Adjust Your Color: The Truth of Petey Greene to Premiere on February 3, 2009 on the Emmy® Award–Winning PBS Series Independent Lens
Film captures extraordinary life of African American media personality who was America’s first “shock jock”
“So grab your head and make a fist. Listen to me and remember this. That I’ll tell it to the hot, tell it to the cold, tell it to the young and tell it to the old.” —Petey Greene
(San Francisco, USA)—Between 1967 and 1983, an unvarnished media voice roared through the airwaves of our nation’s capital. First on radio, then on television, Petey Greene spoke to and for people who had often been voiceless. A two-time Emmy® Award winner, Greene overcame drug addiction and a sentence for armed robbery to become one of Washington, D.C.’s most prominent media figures. Speaking truth to power on his raw, uncensored radio and television shows, Greene talked about racism, poverty, religion, politics, sexuality and drug abuse. His guests ranged from office holders like Midge Costanza, a special assistant to President Jimmy Carter, to political consultant Donna Brazile to up-and-coming radio host Howard Stern, who appeared in black face. Greene was an icon in the community, and it was his presence that calmed rioters in the streets after Martin Luther King’s assassination. Narrated by Don Cheadle—who portrayed Greene in the feature film Talk to Me—ADJUST YOUR COLOR: The Truth of Petey Greene will have its television premiere on the PBS series Independent Lens, hosted by Terrence Howard, on Tuesday, February3, 2009 at 10 PM (check local listings).
For two decades, Ralph Waldo “Petey” Greene Jr. was a beacon for truth for the black community of Washington, D.C. Unafraid to “tell it like it is,” he spoke out about social injusticies and championed racial pride during a volatile time of upheaval in America. Born and raised in Washington, D.C., in an era of depression and poverty, Greene dropped out of high school in the 11th grade and enlisted in the U.S. Army. He fought in the Korean War before being discharged in 1953 for drug abuse. In 1960, he was convicted of armed robbery of a small grocery store and was imprisoned at Lorton Reformatory with a 10-year sentence.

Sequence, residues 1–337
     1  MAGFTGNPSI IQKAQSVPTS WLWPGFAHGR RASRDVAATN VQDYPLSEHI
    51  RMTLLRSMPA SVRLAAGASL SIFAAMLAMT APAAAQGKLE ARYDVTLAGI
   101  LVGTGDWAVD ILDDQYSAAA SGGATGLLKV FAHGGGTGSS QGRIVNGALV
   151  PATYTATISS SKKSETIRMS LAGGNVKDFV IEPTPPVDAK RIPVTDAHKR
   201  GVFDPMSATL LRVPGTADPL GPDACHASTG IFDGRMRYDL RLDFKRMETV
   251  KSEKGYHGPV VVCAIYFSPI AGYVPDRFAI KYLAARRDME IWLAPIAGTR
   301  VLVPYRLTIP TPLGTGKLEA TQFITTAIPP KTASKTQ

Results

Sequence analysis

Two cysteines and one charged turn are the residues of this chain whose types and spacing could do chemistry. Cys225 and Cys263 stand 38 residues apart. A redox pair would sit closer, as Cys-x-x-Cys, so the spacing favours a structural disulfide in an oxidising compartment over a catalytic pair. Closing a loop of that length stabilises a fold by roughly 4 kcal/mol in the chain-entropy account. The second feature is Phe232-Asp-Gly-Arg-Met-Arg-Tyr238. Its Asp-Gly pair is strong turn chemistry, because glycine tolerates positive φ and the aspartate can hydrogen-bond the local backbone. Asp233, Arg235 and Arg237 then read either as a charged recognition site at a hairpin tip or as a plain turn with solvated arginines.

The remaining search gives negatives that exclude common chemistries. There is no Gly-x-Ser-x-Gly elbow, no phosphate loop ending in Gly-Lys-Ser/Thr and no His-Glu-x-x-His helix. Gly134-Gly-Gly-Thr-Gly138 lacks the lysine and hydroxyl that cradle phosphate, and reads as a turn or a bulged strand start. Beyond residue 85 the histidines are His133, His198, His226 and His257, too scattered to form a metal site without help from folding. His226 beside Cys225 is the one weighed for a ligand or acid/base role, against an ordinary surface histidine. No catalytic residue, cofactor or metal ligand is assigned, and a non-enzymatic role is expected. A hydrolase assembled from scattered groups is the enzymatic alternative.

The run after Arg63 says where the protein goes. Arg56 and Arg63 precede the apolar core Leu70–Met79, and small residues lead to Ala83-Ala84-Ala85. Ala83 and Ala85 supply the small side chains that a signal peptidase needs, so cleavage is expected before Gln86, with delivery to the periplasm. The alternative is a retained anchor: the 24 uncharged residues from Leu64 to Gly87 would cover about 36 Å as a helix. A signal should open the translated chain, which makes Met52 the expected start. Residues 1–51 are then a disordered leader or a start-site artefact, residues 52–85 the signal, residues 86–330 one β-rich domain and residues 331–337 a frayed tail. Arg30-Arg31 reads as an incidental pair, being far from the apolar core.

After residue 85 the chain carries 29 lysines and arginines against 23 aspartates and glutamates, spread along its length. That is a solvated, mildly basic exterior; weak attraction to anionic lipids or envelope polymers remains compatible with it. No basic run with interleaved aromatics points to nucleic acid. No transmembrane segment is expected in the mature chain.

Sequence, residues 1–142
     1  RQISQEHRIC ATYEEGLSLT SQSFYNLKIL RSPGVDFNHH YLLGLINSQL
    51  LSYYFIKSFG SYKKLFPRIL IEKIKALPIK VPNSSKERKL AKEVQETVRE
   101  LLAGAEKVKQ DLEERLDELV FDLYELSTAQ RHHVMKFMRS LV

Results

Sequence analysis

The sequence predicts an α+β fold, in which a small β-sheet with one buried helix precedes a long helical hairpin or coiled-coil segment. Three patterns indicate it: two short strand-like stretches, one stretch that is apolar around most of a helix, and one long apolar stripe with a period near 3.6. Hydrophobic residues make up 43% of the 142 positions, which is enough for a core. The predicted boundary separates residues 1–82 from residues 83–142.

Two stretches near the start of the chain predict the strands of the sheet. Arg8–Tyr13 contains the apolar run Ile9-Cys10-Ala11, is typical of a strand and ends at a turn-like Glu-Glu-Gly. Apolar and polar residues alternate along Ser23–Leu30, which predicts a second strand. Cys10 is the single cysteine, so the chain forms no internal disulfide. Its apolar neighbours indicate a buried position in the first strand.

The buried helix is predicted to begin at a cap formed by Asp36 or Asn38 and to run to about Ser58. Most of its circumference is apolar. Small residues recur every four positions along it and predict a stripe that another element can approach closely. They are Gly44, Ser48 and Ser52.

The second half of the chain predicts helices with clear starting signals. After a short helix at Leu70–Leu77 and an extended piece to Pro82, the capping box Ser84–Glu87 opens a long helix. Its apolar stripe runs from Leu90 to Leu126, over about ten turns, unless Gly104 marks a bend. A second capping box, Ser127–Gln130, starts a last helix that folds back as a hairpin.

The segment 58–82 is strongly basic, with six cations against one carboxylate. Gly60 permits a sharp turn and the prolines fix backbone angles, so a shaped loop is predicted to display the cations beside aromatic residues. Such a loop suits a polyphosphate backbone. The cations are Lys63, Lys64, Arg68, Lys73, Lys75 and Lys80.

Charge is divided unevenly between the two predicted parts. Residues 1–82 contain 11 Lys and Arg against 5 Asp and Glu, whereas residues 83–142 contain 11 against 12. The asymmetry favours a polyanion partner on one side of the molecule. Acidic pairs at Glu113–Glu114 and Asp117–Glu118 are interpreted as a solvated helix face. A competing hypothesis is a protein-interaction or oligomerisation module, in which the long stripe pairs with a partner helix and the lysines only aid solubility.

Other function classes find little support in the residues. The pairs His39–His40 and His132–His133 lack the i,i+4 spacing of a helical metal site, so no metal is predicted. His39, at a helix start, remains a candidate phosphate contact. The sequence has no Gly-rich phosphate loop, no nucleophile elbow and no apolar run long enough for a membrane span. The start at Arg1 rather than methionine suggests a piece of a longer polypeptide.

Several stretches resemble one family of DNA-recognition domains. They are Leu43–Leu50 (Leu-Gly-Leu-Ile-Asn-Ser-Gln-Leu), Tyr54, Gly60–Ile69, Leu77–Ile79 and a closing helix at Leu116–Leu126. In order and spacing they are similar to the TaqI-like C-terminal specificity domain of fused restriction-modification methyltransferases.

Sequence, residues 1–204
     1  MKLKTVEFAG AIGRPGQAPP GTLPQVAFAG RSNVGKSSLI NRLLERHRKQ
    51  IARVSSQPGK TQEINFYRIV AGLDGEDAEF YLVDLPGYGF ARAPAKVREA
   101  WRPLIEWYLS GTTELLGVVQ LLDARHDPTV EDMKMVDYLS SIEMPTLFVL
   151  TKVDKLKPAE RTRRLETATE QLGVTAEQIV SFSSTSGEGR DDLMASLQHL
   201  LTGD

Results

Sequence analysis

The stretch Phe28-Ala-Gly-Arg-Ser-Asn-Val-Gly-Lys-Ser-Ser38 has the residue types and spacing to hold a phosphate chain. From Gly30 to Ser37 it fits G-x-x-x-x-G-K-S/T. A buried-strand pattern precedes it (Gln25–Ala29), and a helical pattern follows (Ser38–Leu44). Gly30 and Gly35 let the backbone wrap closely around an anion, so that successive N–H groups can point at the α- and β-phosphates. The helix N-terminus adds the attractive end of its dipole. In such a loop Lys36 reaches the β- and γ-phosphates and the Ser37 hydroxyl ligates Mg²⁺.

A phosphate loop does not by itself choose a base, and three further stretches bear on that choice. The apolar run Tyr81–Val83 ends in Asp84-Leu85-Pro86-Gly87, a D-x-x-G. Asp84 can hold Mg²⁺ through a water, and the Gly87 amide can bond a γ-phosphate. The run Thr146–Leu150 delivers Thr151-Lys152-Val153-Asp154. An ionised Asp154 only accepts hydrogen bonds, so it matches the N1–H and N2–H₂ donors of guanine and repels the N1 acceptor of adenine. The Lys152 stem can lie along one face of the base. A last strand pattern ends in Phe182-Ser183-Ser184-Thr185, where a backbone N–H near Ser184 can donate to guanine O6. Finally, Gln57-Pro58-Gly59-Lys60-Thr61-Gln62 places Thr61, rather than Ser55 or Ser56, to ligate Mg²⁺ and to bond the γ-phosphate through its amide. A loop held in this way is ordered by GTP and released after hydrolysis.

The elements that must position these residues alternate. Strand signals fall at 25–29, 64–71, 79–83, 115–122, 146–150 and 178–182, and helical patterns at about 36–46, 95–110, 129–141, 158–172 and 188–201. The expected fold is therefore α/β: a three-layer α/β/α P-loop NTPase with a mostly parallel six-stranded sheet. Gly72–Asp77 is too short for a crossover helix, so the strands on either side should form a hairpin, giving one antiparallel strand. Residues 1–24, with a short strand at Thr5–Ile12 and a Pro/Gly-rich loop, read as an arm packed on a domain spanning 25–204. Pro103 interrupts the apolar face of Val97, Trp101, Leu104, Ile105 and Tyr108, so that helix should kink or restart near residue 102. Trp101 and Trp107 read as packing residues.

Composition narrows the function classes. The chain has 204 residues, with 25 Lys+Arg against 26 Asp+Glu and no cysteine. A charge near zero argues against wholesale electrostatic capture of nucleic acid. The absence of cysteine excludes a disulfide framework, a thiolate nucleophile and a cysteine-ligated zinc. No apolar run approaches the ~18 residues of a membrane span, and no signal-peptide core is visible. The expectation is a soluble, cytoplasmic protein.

While in prison, Greene began to hone his skills as a disc jockey in Lorton’s work program. Using the P.A. system, he was allowed 20 minutes each morning and evening to address his fellow inmates. His garrulous delivery, infused with the flavor of the streets, resonated with inmates, and Greene grew increasingly popular. He eventually persuaded a fellow inmate to climb to the top of a water tower to threaten suicide so that Greene would be able to “save his life” by talking him down. This staged act of herioism, combined with his generally good behavior, allowed for his early release in 1965.
Soon after, Greene was hired by Dewey Hughes, the program director for the radio station WOL-AM, who had became aware of Greene’s talent when he was visiting his brother, also a Lorton prisoner. Hughes believed in Greene’s voice and, risking his own career, decided to put him on the air. Rapping with Petey Greene was an immediate hit with the urban community and eventually became a daily staple on the station.
Greene’s audience rapidly grew, and he was soon hosting his own television show, Petey Greene’s Washington, on WDCA-TV. The series aired in the city for many years, providing an expanded forum for his community outreach, commentary and street-flavored humor and was one of the first shows to air on BET (Black Entertainment Television) in 1980. “Adjust the color of your television” was his intro to the program. He also co-hosted Where It’s At, a local show that addressed employment issues and opportunities for the African American community.
In 1978, he was invited by President Carter to attend a dinner at the White House, after which he told The Washington Post he had stolen a spoon. In addition to his radio and television shows, Greene served as a community activist, working for the nonprofit United Planning Organization, which provided human services to the people of D.C. He railed against poverty and racism on his shows and on the streets. After his death from cancer in 1984, 10,000 mourners lined the streets in freezing weather outside Washington’s Union Wesley A.M.E. Zion Church to pay their last respects. It was the largest memorial service gathering for a nongovernment official in D.C.’s history.
To learn more about the film and the issues, visit the companion website for ADJUST YOUR COLOR: The Truth of Petey Greene at pbs.org/independentlens/adjustyourcolor. Get detailed information on the film, watch preview clips, read an interview with the filmmakers, and explore the subject in depth with links and resources. The site also features a Talkback section for viewers to share their ideas and opinions.
On-Screen Participants (in alphabetical order)
Virginia Ali is the owner of Ben’s Chili Bowl.
Ernie Barnes is an artist best known for Sugar Shack Sport Art and African American Football Art.
Marion Barry served as the second elected mayor of the District of Columbia from 1979 to 1991 and as its fourth mayor from 1995 to 1999. He was the target of a high-profile 1990 arrest on drug charges, which precluded him from seeking reelection that year.
Donna Brazile is an American author, educator, and political activist and strategist affiliated with the Democratic Party. She was the first African American to direct a major presidential campaign.
Chuck Brown is an African American jazz guitarist and singer who is affectionately called “the Godfather of Go-Go,” a subgenre of funk music developed in and around Washington, D.C., in the 1970s. He served time with Petey Greene at Lorton.
James Brown, commonly called “J.B.,” is an American sports announcer known for hosting The NFL Today on CBS and co-hosting the Saturday Early Show and also for play-by-play coverage of NCAA basketball on CBS. Petey Greene got J.B. his first job in broadcasting.